Regen System Provides One-Pedal Driving

Regenerative braking has become more than just a tool to boost range, it's also transformed into a feature that can provide an improved EV driving experience. The Bolt EV features a new regenerative braking system that has the ability to provide one pedal driving.

"Interviews with EV enthusiasts indicated their desire for one pedal driving capability on the Bolt EV. One pedal operation boosts the thrill and uniqueness of EV driving," Tavel said.

Through a combination of increased regenerative deceleration and software controls, one pedal driving enables the vehicle to slow down and come to a complete stop without using the brake pedal in certain driving conditions.

When operating the Bolt EV in "Low" mode, or by holding the Regen on Demand paddle located on the back of the steering wheel, the driver can bring the vehicle to a complete stop under most circumstances by simply lifting their foot off the accelerator, although the system does not relieve the need to use the brake pedal altogether.

Operating the Bolt EV in "Drive" mode and not pulling the paddle while decelerating delivers a driving experience where usage of the brake pedal is required to stop.

Founded in 1911 in Detroit, Chevrolet is now one of the world's largest car brands, doing business in more than 115 countries and selling around 4.8 million cars and trucks a year. Chevrolet provides customers with fuel-efficient vehicles that feature engaging performance, design that makes the heart beat, passive & active safety features and easy-to-use technology, all at a value. More information on Chevrolet models can be found at www.chevrolet.com.
 

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Discussion Starter #8
Let me amend my last comment about the E30 M3. I'd love to have the powertrain in a modern version of the E30 M3. Something like the current M2 but cheaper and with an electric powertrain. The Tesla Model 3 *may* be that car.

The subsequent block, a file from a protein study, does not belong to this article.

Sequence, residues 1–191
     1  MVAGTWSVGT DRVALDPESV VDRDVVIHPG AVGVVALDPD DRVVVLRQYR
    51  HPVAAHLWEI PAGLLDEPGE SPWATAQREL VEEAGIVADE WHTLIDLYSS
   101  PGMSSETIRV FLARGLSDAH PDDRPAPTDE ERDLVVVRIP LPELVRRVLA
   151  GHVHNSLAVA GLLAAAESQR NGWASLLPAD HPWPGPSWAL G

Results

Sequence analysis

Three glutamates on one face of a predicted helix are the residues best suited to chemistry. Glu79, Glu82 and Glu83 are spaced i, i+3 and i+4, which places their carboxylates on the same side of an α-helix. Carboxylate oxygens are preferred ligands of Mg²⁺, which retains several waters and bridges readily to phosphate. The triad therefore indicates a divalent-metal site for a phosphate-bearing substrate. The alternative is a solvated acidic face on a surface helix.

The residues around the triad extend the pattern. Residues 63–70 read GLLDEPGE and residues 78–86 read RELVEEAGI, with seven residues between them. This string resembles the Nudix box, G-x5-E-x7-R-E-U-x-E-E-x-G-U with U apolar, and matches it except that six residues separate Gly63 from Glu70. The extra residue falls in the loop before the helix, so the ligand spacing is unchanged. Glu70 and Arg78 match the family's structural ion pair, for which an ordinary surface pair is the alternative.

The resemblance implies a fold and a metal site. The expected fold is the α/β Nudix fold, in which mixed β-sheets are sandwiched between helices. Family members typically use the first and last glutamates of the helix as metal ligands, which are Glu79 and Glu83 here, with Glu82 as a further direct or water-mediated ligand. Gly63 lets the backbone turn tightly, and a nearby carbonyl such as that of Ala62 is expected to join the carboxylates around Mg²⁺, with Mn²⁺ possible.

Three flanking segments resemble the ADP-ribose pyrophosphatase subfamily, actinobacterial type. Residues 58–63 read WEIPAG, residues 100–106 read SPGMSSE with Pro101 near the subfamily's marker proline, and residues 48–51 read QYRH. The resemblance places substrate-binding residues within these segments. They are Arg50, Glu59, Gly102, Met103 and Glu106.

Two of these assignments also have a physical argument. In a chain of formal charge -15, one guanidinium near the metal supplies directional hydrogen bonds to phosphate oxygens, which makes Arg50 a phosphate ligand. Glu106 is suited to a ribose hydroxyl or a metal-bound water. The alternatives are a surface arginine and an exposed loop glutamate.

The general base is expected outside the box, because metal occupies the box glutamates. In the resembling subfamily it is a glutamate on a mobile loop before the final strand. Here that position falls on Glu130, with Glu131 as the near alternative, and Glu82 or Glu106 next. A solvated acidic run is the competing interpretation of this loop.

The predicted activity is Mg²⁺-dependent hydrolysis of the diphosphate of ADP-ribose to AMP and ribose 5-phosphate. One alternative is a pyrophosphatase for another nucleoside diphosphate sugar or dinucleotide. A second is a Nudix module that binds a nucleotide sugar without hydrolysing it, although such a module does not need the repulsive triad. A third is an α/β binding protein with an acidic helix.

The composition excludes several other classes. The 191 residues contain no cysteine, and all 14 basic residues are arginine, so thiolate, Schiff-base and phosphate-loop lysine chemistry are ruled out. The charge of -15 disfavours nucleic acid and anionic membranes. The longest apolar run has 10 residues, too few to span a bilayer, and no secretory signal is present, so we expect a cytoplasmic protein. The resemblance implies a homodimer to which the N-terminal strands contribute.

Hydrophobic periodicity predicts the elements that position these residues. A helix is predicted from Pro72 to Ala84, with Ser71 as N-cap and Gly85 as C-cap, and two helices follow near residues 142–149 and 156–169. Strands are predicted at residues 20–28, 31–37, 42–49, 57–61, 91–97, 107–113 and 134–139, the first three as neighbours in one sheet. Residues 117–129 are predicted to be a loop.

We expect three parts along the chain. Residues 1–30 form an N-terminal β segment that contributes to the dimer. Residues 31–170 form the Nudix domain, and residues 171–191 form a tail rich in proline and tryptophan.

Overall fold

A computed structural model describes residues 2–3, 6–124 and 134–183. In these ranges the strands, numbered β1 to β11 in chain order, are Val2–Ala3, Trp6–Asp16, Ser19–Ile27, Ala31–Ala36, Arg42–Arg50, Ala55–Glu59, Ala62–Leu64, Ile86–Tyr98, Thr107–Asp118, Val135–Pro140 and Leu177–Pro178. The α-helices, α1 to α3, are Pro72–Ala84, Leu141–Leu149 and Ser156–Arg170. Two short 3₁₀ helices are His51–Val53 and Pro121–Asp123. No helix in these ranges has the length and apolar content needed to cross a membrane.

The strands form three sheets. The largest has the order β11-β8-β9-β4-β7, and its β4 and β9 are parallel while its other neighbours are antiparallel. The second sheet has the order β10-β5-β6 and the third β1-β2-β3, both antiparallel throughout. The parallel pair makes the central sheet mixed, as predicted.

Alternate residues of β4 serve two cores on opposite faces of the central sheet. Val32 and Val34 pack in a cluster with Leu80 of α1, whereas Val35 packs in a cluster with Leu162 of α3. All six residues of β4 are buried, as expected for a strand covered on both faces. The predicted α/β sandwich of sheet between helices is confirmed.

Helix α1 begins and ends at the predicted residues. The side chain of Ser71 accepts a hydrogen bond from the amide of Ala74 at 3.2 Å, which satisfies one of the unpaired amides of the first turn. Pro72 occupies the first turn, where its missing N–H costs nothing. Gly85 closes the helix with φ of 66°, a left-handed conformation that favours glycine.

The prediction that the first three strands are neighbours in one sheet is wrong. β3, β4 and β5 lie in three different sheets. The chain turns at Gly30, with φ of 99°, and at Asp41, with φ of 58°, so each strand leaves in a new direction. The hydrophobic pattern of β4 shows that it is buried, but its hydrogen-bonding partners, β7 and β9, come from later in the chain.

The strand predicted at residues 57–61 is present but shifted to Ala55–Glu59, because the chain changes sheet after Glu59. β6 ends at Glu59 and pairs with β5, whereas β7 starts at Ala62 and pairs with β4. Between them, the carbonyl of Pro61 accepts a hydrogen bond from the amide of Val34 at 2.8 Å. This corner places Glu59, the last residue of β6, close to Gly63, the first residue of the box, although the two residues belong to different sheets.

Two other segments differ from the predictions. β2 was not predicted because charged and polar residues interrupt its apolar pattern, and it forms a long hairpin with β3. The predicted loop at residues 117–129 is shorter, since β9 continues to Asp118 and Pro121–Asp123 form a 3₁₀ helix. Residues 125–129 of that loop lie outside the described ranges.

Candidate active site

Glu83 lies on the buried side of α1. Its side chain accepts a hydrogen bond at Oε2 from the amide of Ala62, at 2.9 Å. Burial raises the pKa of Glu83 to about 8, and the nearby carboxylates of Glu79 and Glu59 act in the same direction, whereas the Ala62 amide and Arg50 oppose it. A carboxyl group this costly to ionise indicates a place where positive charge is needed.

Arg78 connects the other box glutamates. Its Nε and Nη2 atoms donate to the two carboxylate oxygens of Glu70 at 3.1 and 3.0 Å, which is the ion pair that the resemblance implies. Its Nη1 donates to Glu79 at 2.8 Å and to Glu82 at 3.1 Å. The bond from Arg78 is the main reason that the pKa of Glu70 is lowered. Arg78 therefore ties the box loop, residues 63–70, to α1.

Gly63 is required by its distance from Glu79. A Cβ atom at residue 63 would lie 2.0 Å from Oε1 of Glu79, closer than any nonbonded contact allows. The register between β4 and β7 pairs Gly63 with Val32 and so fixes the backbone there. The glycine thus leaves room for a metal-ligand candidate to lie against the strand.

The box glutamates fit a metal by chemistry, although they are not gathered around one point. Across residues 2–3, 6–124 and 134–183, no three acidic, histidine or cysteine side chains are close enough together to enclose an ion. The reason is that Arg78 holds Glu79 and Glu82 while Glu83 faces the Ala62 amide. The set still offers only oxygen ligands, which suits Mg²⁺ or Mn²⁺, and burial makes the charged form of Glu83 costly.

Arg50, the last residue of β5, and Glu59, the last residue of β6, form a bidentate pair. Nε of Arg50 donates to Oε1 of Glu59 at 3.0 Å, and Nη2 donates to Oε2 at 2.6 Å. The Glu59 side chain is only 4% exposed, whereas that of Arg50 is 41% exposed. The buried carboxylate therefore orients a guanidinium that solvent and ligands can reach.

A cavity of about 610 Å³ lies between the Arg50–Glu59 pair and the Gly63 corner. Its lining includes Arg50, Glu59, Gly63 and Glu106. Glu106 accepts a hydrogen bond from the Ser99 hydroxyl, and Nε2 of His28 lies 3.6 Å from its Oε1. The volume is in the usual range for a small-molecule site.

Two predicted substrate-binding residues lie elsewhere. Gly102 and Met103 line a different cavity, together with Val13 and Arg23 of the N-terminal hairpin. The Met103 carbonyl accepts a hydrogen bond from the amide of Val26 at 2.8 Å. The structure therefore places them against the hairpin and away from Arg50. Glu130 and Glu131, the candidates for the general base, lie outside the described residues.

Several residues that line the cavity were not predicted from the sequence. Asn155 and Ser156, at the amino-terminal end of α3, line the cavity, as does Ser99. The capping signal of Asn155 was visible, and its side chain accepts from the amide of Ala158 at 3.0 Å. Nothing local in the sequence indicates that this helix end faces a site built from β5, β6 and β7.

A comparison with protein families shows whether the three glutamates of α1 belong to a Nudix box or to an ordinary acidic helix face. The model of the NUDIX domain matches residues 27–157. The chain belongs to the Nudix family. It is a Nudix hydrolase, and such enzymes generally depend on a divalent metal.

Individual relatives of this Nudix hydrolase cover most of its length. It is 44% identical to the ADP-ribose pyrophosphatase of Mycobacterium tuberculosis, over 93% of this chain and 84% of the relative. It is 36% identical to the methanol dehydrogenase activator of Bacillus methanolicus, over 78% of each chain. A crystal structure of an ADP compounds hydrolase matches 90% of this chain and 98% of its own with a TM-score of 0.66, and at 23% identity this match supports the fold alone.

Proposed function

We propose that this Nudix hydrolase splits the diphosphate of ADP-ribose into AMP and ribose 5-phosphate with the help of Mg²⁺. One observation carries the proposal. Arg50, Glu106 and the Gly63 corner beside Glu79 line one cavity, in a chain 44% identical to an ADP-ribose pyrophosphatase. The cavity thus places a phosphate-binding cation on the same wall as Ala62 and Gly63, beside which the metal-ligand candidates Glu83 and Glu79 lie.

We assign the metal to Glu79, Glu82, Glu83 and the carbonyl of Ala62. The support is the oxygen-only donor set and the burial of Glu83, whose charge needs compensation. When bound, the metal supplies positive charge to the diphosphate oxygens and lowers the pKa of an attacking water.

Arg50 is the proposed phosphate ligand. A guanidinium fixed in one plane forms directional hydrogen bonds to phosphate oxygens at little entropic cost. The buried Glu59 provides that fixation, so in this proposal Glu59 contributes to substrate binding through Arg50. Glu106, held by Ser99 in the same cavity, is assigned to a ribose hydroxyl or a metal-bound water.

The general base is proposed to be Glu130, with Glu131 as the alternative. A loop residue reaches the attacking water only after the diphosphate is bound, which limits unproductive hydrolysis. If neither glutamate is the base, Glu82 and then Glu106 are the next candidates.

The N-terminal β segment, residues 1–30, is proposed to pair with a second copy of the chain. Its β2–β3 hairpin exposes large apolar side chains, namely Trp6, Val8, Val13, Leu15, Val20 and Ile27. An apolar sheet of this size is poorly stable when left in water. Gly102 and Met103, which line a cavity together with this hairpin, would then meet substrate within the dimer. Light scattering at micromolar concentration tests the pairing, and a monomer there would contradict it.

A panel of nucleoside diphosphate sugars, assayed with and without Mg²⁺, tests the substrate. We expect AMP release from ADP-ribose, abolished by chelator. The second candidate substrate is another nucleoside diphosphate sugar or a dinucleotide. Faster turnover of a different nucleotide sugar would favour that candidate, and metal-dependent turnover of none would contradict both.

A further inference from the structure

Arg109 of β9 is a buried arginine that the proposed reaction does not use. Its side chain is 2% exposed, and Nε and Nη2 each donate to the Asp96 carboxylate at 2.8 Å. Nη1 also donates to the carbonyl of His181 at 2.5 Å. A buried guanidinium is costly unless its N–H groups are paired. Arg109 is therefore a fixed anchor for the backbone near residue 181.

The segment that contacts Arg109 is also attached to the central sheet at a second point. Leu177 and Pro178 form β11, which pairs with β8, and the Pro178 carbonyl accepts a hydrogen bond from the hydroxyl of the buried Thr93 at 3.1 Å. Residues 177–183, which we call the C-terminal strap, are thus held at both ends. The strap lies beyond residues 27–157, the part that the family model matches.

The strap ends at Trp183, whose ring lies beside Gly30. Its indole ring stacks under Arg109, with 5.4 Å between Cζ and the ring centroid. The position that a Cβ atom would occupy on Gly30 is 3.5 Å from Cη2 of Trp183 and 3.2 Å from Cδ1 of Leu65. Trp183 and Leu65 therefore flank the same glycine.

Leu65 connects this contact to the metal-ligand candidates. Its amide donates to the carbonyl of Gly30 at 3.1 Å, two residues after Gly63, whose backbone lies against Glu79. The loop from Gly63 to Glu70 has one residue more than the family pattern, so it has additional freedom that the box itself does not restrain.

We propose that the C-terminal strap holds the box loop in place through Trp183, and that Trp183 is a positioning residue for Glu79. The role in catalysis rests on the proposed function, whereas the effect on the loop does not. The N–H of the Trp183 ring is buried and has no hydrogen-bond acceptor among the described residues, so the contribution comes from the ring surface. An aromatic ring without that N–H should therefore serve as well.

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Let me amend my last comment about the E30 M3. I'd love to have the powertrain in a modern version of the E30 M3. Something like the current M2 but cheaper and with an electric powertrain. The Tesla Model 3 *may* be that car.
That's kind of what the ActiveE was. But they're extremely rare, and I think they were lease-only, so good luck finding one used.

https://en.wikipedia.org/wiki/BMW_ActiveE
 

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It's unclear what they mean by 200 HP.

Generally electric motors can tolerate extreme overloads for limited intervals with no damage. Some motors have a rated duty cycle. For example, my elevator motor is rated at 2 HP with a 30% duty cycle. I'm quite certain that the Bolt motor could not produce 200 HP continuously. With a top speed limited to 92 mph, it would be impossible to force the motor to deliver 200 HP for more than a few seconds anyway unless one were speeding up a very steep hill with the car heavily loaded and a head wind. It may be that the continuous duty rating of the motor would be only 50 HP or so which is fine.